Read/Post Comments (8) | Recommend This Article (7)

Comments from our Foolish Readers

Help us keep this a respectfully Foolish area! This is a place for our readers to discuss, debate, and learn more about the Foolish investing topic you read about above. Help us keep it clean and safe. If you believe a comment is abusive or otherwise violates our Fool's Rules, please report it via the Report this Comment Report this Comment icon found on every comment.

  • Report this Comment On February 22, 2011, at 2:36 PM, Borbality wrote:

    I sold my shares and came out just a few dollars ahead. I think it's a fine company and probably worth more than the stock is trading for, but I'm not sure if a software-only company already valued at 12 billion dollars can ever really break out. I mean there's just never going to be any real certainty in what they do, I would imagine, and the margins just don't seem to be there to make up for it. it could end up a great stock but I just don't have the patience or stomach for that one.

  • Report this Comment On February 22, 2011, at 4:55 PM, bottomfisherman wrote:

    So so so many people wrong about ATVI professionals and novices alike. A two trick pony, I can see very few people playing their one pony WOW in a few years its run its course and is stale. There other horse Call of Duty is an excellent title but they need more like it and they need more innovation. Stock flounders historically between 9 and 12 dollars so there is a predictable range to buy and short to make money. Hold and maybe, maybe in 8 or 10 years it will be at 18 or 20 but there are better places for ones money then in this flounder.

  • Report this Comment On February 22, 2011, at 5:16 PM, SpeleoFool wrote:

    Emotionally, I couldn't get behind an investment in ATVI, and I *know* games. Yes, Activision & Blizzard are known for some of the most successful franchises in gaming history, but my gut feel as a gamer is that all of those franchises are at their peak or in decline.

    For example, COD Black Ops sold on the astoundingly good story and online play in Modern Warfare 2. By all accounts, Black Ops is a great game, but it doesn't bring a whole lot new to the table. Add to that the storied history of COD's two developers: Treyarch and Infinity Ward. The COD franchise will continue to do well for at least one more installment, but the Guitar Hero story is a big warning for what happens whenever a company keeps selling essentially the same game year after year.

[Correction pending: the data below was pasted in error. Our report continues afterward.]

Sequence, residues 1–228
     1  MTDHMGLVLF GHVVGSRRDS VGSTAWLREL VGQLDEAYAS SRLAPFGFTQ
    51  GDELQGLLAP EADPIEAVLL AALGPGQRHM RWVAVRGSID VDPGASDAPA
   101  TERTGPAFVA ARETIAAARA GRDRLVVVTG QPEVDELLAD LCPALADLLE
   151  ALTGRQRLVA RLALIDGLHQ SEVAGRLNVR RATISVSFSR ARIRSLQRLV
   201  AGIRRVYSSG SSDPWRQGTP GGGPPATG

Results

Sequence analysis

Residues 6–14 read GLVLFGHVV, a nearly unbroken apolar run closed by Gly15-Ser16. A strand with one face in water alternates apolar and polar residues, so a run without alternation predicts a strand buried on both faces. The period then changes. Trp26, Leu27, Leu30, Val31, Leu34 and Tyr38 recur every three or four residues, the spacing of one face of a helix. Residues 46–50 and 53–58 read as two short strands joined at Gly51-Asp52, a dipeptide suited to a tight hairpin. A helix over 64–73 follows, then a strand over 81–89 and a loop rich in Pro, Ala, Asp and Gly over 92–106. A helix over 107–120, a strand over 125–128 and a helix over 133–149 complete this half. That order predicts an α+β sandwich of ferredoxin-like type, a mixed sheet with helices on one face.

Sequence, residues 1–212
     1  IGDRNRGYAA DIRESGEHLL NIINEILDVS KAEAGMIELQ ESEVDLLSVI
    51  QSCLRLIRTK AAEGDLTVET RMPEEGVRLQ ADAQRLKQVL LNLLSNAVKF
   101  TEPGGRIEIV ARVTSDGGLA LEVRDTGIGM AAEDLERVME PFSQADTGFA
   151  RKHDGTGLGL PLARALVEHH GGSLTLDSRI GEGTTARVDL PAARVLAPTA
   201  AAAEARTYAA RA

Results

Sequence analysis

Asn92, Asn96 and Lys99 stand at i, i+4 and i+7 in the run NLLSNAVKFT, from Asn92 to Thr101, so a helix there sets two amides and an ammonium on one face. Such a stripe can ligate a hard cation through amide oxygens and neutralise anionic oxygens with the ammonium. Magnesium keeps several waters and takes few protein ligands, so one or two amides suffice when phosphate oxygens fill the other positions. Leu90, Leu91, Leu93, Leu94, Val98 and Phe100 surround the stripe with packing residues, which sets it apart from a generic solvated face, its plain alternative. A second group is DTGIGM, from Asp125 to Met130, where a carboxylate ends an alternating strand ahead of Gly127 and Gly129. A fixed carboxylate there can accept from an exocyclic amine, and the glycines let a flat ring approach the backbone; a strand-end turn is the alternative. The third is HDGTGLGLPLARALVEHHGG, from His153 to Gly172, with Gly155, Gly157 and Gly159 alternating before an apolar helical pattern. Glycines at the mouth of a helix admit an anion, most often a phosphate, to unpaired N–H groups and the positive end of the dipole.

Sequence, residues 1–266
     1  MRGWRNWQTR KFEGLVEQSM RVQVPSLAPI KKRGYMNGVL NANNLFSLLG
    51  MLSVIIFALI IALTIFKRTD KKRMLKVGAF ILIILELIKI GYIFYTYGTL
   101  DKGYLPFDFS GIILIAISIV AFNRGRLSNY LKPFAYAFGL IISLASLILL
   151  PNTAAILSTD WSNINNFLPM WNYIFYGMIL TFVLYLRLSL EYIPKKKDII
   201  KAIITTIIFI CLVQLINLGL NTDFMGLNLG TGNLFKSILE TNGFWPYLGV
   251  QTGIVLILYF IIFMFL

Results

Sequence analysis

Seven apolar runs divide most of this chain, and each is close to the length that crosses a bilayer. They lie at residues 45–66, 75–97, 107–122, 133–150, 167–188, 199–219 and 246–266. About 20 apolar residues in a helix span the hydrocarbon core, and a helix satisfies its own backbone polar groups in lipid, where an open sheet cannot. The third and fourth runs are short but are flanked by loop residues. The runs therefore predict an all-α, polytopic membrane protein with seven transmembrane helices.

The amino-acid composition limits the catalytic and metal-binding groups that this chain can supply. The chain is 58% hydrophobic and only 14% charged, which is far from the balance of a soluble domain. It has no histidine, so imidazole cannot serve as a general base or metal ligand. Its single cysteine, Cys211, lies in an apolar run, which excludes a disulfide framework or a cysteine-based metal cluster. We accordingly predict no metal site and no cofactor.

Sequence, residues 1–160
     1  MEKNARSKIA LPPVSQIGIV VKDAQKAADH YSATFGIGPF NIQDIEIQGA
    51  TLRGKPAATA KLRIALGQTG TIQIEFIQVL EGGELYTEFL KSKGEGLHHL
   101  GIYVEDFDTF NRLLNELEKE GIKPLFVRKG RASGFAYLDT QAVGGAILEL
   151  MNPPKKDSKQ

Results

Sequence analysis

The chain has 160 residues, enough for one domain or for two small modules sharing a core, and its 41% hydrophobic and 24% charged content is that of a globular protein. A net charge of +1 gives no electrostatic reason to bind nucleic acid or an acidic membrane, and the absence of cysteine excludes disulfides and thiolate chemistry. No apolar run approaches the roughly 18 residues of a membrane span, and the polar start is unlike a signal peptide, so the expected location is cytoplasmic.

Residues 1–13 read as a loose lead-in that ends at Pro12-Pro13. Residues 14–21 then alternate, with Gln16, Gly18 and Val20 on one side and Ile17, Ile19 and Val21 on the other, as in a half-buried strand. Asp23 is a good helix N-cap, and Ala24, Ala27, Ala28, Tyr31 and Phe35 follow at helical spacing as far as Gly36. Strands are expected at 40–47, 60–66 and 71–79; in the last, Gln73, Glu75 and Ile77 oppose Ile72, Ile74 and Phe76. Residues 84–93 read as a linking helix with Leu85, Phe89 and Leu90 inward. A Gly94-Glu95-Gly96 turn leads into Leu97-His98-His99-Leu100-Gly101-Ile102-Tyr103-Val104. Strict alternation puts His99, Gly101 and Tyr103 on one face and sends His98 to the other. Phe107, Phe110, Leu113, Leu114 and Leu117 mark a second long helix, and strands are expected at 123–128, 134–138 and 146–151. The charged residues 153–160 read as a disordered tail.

• Report this Comment On February 22, 2011, at 5:16 PM, Melaschasm wrote:

    On the Blizzard side things are going strong.

    WoW will continue to lose market share, but each expansion will still be a huge boost. It will be at least one year and probably three before a new dominant MMORPG arrives. Just as EQ remained the biggest MMORPG for years after it was out dated, WoW is likely to do the same.

    StarCraft might end up being a minor disapointment, but it will still be a big seller, and they should have at least one expansion to bring in additional cash in the not to distant future.

    Diablo 3 will sell like crazy, but it might not be released in 2011. Blizzard is famous for late game launches, so a 2011 launch would be a nice surprise.

    Activision/Blizzard should be able to launch many successful games on tablets, but I have not seen any evidence that they are investing in this area. I think this is the gaming area that could provide a major upswing in profits if they were successful in grabbing a big chunk of the market. If they do not find new markets to compete in, then it is likely the stock price will only slowly gain, and struggle to match the S&P 500.

  • Report this Comment On February 22, 2011, at 7:40 PM, mike2153 wrote:

    I finally bought some Activision at the end of 2009 at $10.90. As of close today, I'm up a whopping .06 a share.

  • Report this Comment On February 22, 2011, at 9:25 PM, bottomfisherman wrote:

    I feel your pain mike2153. Still do not understand why this dogfish is getting so much love from CAPS and MF writers alike.

  • Report this Comment On February 23, 2011, at 3:29 AM, garifolle wrote:

    I do not know when the "disclosure rules" will allow you to take your "small" position on ATVI, but you are playing on the safe side: right now, every one is taking their profits on those stocks that have bubbled in the past weeks, whereas ATVI has already lost almost 15% of it's value, and just started regaining some momentum a few days ago, both with price and volume.

    You should also tell us how long you are going to keep that position.

    Tell me that you are going to keep that "small" position more then a year, and I'll follow you.

  • Report this Comment On February 25, 2011, at 4:04 PM, foolretire wrote:

    I may not know much about the gaming industry,(i do not game)....but it seems to me that there may be a question about how many new "gamers" the industry as a whole attracts. If the number of Gamers stays relatively flat, then ea new game would seem to cannibalize the sales of the "older games". Wouldn't it make more sense to invest in a company that is constantly attracting potential new customers for a whole range of products, and not just current customers switching from game to game? I would think growth of customer base is more important in the long run than cash flow. There are a lot of people out there who are not gamers,....alternatively,...as an example of a growing customer base,...almost everyone wants or owns a smart phone.

    I even own a small # of ATVI shares, am currently down, and wonder about the reality of a catalyst that would propel the stock higher, especially since an all time record sales in Dec of the new game did not.